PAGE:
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President promulgates Arbitration and Conciliation Ordinance

K.R.Srivats New Delhi | Updated on November 04, 2020

President Ram Nath Kovind   -  PTI

Certain Arbitral awards can now be ‘unconditionally stayed’

Enforcement of arbitral awards passed on the basis of arbitration agreement induced or effected by fraud/corruption can now be “unconditionally stayed”, pending disposal of the challenge made to the award under Section 34 of the Arbitration & Conciliation Act 1996.

This has been reflected in the new ordinance promulgated by the President Ram Nath Kovind on Wednesday.

The ordinance has also deleted Eighth Schedule of the Arbitration & Conciliation Act 1996, paving the way for foreign practitioners to now act as arbitrators in India-seated arbitrations, say legal experts. The Schedule deals with qualifications and experience of arbitrators.

Enforcement of arbitral awards

It may be recalled that Section 36 of the Arbitration & Conciliation Act was amended in 2015 to the effect that mere filing of Section 34 application does not stay the enforcement of the award, and it can be stayed on an application and subject to conditions imposed by the court.

However, the latest amendment is a slight departure from the 2015 amendment, said Sushmita Gandhi, Partner, IndusLaw. It has the effect of unconditionally staying the enforcement of the award passed on the basis of the arbitration agreement, induced by fraud or corruption.

“The driving force behind the amendment is that the parties must get an opportunity to seek unconditional stay of the award, where there are allegations of fraud or corruption. The amendment is in fact, in line with the judgments passed by the Supreme Court on arbitrability of fraud”, she said.

However, this amendment has the potential of opening floodgates of seeking unconditional stay of awards, which would delay the enforcement of award, according to Gandhi. It shall be interesting to see how the courts will apply this amen dment, she added.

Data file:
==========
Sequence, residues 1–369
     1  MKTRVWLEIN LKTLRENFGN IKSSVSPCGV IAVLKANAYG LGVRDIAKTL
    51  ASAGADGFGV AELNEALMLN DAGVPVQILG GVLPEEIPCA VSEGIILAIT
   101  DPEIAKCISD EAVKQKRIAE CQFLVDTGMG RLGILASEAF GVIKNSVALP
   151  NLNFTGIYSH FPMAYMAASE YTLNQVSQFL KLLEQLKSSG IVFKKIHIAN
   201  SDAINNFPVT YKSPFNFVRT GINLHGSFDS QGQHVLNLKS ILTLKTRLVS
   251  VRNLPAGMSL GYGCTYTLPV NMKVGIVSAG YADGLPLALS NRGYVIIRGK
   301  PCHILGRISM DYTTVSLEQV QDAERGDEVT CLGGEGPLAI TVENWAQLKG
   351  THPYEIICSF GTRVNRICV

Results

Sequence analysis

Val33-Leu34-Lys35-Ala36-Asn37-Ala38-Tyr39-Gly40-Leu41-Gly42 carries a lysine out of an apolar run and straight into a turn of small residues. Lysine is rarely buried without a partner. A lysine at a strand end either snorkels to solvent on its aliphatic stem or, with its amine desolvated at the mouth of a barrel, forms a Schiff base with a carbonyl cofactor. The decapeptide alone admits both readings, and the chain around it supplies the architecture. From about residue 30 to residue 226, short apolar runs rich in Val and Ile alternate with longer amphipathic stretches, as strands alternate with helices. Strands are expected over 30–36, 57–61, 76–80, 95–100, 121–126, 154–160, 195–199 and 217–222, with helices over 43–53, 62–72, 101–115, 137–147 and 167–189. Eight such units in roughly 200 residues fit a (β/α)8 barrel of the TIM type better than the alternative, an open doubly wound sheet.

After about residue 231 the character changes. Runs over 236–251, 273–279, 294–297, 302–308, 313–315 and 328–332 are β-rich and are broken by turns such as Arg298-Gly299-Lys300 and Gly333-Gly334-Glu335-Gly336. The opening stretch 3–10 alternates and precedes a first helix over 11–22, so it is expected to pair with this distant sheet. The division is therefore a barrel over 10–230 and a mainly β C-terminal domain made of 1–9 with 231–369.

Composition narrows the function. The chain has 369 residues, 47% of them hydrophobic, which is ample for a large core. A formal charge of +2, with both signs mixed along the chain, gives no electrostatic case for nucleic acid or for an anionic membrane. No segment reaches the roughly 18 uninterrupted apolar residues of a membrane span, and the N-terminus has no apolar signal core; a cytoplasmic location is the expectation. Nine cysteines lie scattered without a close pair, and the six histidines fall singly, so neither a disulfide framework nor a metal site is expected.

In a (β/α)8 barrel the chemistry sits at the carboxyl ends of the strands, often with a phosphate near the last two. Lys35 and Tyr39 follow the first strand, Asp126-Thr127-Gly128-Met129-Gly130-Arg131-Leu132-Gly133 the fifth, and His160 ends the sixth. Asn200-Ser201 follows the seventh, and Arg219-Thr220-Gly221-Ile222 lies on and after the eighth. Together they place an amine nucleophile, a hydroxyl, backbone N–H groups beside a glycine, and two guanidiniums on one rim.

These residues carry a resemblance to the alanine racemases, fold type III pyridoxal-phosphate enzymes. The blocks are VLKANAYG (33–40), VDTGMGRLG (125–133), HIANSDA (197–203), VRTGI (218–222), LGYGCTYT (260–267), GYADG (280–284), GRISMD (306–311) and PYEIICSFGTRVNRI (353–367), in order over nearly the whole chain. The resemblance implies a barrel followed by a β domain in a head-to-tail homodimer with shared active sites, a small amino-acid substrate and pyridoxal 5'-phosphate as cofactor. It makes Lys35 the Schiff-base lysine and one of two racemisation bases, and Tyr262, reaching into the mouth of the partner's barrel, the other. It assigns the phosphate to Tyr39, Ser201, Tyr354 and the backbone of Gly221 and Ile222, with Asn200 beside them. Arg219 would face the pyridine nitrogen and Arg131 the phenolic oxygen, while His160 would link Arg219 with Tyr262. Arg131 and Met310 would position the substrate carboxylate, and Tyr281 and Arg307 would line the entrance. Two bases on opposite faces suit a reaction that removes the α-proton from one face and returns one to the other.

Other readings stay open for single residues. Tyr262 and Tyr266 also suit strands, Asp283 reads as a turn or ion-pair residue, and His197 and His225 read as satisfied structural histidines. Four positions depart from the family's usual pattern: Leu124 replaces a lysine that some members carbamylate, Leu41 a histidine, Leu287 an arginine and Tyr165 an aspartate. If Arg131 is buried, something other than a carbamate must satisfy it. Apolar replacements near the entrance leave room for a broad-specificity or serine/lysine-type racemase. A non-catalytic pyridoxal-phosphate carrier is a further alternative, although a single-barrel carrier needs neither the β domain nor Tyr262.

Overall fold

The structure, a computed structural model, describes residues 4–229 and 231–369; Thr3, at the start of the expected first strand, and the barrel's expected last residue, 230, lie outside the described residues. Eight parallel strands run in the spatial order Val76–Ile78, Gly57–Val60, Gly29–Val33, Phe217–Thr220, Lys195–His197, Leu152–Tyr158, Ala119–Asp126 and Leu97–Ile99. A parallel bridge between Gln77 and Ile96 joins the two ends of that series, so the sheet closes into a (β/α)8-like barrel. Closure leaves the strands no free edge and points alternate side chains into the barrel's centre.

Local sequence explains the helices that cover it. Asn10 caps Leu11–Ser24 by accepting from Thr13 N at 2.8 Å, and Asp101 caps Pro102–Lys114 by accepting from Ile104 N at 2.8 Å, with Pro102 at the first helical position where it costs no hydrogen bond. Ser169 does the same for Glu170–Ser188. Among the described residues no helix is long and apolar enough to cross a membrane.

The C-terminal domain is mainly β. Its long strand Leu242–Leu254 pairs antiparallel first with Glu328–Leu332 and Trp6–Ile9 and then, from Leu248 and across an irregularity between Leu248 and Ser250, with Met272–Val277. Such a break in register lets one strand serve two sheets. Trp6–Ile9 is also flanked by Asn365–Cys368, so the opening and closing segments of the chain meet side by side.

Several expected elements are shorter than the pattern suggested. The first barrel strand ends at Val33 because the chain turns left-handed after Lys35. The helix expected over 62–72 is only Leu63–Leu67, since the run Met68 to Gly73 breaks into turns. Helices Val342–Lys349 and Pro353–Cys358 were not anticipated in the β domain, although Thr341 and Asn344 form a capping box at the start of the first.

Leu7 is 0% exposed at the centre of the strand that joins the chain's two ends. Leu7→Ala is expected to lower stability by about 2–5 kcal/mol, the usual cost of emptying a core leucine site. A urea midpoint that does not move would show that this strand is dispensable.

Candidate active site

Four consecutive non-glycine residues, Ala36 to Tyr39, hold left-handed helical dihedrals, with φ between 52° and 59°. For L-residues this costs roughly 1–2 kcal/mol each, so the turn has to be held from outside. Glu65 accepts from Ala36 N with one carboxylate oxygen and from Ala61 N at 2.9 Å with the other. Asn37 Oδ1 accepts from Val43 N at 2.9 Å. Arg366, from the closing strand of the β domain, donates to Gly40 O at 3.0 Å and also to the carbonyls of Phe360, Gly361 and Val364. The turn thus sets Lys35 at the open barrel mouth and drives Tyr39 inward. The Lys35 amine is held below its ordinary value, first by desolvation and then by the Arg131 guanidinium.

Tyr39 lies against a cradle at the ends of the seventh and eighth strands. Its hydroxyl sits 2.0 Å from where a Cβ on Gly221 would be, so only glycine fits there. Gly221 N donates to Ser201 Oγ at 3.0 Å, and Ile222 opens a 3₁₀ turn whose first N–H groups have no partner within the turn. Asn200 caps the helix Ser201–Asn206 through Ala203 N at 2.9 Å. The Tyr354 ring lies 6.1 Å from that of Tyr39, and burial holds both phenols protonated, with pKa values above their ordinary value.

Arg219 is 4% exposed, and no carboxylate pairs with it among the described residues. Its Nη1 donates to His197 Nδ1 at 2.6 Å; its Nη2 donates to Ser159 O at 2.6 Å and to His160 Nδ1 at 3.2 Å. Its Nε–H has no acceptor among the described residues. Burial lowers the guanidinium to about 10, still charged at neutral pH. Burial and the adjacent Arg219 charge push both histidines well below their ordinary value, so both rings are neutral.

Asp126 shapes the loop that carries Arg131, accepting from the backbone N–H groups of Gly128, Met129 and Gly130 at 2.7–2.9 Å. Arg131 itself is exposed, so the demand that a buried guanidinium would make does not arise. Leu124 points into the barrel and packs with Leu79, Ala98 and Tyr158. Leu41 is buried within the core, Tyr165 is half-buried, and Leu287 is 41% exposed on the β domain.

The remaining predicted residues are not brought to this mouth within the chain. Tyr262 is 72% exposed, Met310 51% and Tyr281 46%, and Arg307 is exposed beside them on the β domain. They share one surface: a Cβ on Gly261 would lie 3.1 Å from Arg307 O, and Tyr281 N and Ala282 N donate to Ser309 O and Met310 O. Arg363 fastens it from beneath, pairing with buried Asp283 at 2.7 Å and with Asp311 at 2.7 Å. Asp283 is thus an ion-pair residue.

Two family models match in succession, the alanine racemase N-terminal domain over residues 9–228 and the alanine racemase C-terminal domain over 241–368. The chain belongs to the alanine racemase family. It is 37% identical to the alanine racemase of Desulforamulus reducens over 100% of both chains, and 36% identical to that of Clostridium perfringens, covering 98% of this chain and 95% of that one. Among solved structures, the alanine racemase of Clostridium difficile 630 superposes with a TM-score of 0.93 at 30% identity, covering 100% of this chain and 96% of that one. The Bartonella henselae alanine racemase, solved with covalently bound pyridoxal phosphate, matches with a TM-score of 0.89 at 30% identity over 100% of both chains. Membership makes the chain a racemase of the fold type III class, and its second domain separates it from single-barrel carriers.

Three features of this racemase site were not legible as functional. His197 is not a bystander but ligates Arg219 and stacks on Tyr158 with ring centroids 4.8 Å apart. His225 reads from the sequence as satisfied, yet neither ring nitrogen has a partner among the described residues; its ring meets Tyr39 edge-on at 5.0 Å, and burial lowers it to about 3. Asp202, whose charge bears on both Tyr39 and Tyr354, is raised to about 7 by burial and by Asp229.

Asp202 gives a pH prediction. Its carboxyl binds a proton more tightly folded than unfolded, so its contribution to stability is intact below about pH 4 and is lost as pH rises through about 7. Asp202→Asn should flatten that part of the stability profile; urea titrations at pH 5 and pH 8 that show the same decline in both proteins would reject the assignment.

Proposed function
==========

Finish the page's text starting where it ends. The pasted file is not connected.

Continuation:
Eighth Schedule

Shaneen Parikh, Partner at law firm Cyril Amarchand Mangaldas, said, the Ordinance is a welcome step for India’s arbitration regime.

“The deletion of the Eighth Schedule confirms that foreign practitioners can now act as arbitrators in India-seated arbitrations – something that was criticised by the global legal community for prescribing a narrow and exhaustive (rather than inclusive) list of qualifications for arbitrators, which compromised party autonomy and fell at odds with the goal of putting India on the global arbitration map. The deletion of the Eighth Schedule by the 2020 Ordinance reinforces that the government is receptive to, and willing to act on, stakeholder feedback to ensure that India maintains s pro-arbitration outlook”, Parikh said.

Aseem Chawla, Managing Partner, ASC Legal, said: "One of the chief highlights of the ordinance is to curb instances where arbitration awards were induced by an act of fraud/corrupt activities; in such a situation the Court has been now empowered to unconditionally stay the award. Similarly arbitration agreements which form basis of award precipitated by such unlawful means could be stayed upon a prima face satisfaction by the Court."

Published on November 04, 2020

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